Kathleen Jesme

Ellipsis–or an eclipse of the mind’s
sun stops everything. Asterisk.

And you / I begin again.

Who is
moving these fingers. I vouch for. But beyond that,
wading out,
sometimes, into the shallow water
to take it back.

The coastline doesn’t allow that.
The moon takes back all the claimed sand

as the mind works

along its own line.


Today is shore, not coast. You’re going
to “make a bunch of noise”
now, a warning to me

that I won’t be able to heed–
My hands might become lawless

in the absence
of aural control. No auditorium for them.

Hang them up on the wall like a pair of snowshoes. Keep them

still until the noise subsides. A wave

The coastline remaking itself. From long ago.

At the End of Things

Light nudged aside
five percent conscious. The rest conjectured,
floating, bereft.

So mu–
twelfth letter of the Greek
alphabet, translate

as mother. Translate
as cow
calling from the meadow.

Read it away
like a tattoo
that fades slightly.

I pick a stalk and roll it between
my thumb and index
finger. Until

the grains fall
at my feet, what grows

We know repetition.
Even longer when
the tide’s out.

Nerve impulses: never again shall they meet,
the coastline and the extra
or misplaced.

To have placed a lien
on the coast,
assuring that it will not be sold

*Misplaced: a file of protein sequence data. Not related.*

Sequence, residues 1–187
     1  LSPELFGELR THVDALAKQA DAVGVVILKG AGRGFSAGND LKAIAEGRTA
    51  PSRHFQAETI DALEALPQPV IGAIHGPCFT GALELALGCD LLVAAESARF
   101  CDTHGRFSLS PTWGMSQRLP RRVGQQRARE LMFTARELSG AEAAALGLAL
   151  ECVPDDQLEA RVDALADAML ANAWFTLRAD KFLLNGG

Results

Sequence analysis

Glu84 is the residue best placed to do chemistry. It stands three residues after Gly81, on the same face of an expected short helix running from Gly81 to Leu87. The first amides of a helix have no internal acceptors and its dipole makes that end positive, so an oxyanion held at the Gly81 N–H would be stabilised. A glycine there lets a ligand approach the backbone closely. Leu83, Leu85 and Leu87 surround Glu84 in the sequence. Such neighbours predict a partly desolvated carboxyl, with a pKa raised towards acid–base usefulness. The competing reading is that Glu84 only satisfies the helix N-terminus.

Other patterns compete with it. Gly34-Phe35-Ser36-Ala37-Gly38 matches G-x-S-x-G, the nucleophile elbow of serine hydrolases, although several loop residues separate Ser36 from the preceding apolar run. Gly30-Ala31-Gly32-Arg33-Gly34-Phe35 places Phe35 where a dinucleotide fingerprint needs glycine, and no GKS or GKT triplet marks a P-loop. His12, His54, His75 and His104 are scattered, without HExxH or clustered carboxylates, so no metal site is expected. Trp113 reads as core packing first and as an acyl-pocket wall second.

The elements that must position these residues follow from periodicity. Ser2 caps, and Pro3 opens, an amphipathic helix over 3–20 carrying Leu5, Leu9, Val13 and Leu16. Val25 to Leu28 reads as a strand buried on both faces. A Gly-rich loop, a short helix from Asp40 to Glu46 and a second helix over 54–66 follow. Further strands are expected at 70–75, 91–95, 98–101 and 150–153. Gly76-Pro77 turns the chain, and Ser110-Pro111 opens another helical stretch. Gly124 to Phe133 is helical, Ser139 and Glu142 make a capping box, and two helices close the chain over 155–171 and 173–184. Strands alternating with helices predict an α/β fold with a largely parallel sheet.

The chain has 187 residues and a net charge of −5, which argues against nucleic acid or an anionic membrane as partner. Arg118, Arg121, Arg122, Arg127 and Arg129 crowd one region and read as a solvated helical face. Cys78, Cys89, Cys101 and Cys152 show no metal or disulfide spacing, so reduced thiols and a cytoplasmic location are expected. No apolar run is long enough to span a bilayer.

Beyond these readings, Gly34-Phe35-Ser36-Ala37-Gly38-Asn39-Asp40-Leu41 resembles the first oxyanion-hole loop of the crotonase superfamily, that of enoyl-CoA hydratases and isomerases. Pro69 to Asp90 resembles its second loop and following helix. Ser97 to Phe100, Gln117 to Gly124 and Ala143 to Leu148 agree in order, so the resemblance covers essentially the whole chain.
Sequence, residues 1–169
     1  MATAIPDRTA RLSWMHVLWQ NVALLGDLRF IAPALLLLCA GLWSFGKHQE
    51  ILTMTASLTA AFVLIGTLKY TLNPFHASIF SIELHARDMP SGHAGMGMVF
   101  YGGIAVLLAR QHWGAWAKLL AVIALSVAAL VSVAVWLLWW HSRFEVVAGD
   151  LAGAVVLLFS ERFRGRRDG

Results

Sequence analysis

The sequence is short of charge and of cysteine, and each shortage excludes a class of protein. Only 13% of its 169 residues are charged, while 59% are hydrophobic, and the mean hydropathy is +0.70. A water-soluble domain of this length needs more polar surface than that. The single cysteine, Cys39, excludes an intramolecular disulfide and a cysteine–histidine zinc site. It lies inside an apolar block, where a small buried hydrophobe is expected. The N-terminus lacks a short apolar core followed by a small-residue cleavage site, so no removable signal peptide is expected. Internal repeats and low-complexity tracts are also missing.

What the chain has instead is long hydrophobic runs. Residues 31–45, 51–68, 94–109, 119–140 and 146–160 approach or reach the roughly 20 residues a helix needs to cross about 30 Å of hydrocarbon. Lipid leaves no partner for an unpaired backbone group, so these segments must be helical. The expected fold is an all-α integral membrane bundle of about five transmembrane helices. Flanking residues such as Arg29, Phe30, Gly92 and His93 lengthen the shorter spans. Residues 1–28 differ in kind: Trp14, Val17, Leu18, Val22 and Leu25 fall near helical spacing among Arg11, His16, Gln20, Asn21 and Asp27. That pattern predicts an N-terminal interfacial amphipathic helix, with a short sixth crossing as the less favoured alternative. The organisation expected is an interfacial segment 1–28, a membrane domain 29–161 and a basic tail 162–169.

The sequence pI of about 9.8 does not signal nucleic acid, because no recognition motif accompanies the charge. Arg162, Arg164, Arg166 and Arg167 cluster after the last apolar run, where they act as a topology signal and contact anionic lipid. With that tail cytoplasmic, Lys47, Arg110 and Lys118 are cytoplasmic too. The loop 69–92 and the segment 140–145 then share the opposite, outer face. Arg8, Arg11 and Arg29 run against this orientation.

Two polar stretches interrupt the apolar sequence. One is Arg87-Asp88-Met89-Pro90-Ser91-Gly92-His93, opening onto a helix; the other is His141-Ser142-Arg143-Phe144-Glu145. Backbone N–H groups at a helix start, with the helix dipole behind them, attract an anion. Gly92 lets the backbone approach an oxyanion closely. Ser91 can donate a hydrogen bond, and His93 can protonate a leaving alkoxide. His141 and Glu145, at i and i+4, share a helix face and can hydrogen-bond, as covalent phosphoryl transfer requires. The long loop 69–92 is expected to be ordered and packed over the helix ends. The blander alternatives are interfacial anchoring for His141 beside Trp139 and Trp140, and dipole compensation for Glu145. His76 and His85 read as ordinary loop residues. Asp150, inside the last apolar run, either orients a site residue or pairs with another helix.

without one’s claim
being entered
and paid.


c.1200, from O.N. þvert “across,” originally neut. of thverr (adj.) “transverse, across,” cognate with O.E. þweorh “transverse, perverse, angry, cross,” from P.Gmc. *thwerkhaz (cf. M.Du. dwers, Du. dwars “cross-grained, contrary.”


Not beside or cut away
not along the edge around the corners
but right across
from here to there
the only way to be somewhere



How perverse
this need to travel!



How parse this need to travel? Contrary
to expectations. I’ve twisted myself
around long enough to find
the place

where I’ve been going

a dark way
and blocked
by light

Kathleen Jesme is the author of three collections of poems: The Plum-Stone Game (2009, Ahsahta Press), Motherhouse (2005, Pleiades Press) and Fire Eater (2003, University of Tampa Press). She lives in Minnesota.

“Some years ago, I was sitting on the swing on my front porch on a warm summer afternoon in late July. Suddenly a hummingbird hovered right in front of me, about a foot away. It circled me twice and then zinged off. The only thing I could figure was that the red t-shirt I was wearing made me look like the mother of all flowers to that bird.”